For most of the 80,000 unaccompanied children who have crossed the southern U.S. border illegally in the past year, the next phase of their journey is now underway — the complications of becoming accompanied. They join estranged families, overwhelmed public schools and immigration courts backlogged by their cases in a country where nobody knows which children will be allowed to stay and which will be forced to go. President Obama has said that most of them will be sent back, but so far his administration has said that he has deported almost none.
The number of children crossing the border has recently decreased, and youth shelters are beginning to close, but what some politicians herald as the end of an immigration crisis is really just the beginning of another. “What will happen to me now?” Alex had asked his caseworkers, and he said that none had given him a satisfying answer.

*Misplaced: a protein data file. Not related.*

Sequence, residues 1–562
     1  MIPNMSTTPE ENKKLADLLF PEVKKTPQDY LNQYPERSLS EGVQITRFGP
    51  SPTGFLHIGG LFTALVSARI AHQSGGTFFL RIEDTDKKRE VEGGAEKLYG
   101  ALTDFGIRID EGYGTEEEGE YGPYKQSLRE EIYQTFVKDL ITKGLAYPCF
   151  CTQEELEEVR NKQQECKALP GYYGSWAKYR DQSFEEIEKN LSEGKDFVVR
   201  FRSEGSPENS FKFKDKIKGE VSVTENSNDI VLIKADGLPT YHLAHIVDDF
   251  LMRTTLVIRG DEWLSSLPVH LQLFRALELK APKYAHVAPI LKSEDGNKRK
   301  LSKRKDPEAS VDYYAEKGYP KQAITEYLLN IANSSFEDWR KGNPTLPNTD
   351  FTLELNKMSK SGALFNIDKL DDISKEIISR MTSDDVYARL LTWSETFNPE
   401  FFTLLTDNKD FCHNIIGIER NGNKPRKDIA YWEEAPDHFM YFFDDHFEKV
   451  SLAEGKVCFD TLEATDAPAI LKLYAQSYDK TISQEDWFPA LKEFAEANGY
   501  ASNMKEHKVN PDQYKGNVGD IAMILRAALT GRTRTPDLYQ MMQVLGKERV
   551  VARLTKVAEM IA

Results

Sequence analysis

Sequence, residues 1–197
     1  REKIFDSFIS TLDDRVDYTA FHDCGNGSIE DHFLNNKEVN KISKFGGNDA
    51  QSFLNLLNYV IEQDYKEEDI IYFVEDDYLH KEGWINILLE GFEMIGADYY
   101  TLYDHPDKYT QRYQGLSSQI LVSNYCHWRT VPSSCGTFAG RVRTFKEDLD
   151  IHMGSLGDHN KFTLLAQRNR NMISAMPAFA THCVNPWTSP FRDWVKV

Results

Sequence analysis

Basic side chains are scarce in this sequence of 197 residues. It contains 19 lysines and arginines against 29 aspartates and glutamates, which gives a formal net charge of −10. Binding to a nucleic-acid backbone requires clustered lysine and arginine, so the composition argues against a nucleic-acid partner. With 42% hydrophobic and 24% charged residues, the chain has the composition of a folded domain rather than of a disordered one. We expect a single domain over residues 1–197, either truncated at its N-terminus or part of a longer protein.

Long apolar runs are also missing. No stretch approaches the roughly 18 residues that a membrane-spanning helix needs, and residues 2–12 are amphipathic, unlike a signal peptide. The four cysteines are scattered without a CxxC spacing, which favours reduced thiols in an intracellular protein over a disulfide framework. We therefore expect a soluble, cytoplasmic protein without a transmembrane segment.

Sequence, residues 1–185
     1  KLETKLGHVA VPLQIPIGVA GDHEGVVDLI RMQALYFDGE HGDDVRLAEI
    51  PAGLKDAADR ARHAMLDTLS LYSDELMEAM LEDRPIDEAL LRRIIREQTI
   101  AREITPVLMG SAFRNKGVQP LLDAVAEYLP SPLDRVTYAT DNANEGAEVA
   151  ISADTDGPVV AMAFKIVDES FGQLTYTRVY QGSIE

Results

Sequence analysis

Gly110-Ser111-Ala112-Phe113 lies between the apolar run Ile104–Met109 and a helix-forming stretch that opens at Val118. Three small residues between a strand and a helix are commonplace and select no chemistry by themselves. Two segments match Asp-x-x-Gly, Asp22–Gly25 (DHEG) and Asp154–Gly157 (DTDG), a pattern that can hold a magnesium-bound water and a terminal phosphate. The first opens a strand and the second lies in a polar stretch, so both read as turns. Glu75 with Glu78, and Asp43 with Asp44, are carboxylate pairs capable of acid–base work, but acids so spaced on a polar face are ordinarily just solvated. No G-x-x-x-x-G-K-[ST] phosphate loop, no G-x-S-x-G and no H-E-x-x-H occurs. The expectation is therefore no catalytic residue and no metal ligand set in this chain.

He watched from a window as his family walked toward the shelter. From photographs, he recognized an aunt, a cousin and a 5-year-old sister whom he had never met. A woman trailed behind them, older and heavier than Alex remembered. The caseworker asked Alex if it was his mother, because a rule stated that he had to identify her before being released. “Yes,” he said, even though he had stopped calling her his mother years before.
She ran toward him and he stood in place. They hugged, and she stepped back to look at him. He had his father’s dark eyes and his mother’s flattened nose. There were wispy hairs beginning to grow on his upper lip and scrapes from the desert brush fading on his arms and ankles. “You’re so skinny,” she said, speaking in Spanish, and he gave a half-smile and followed her to the car.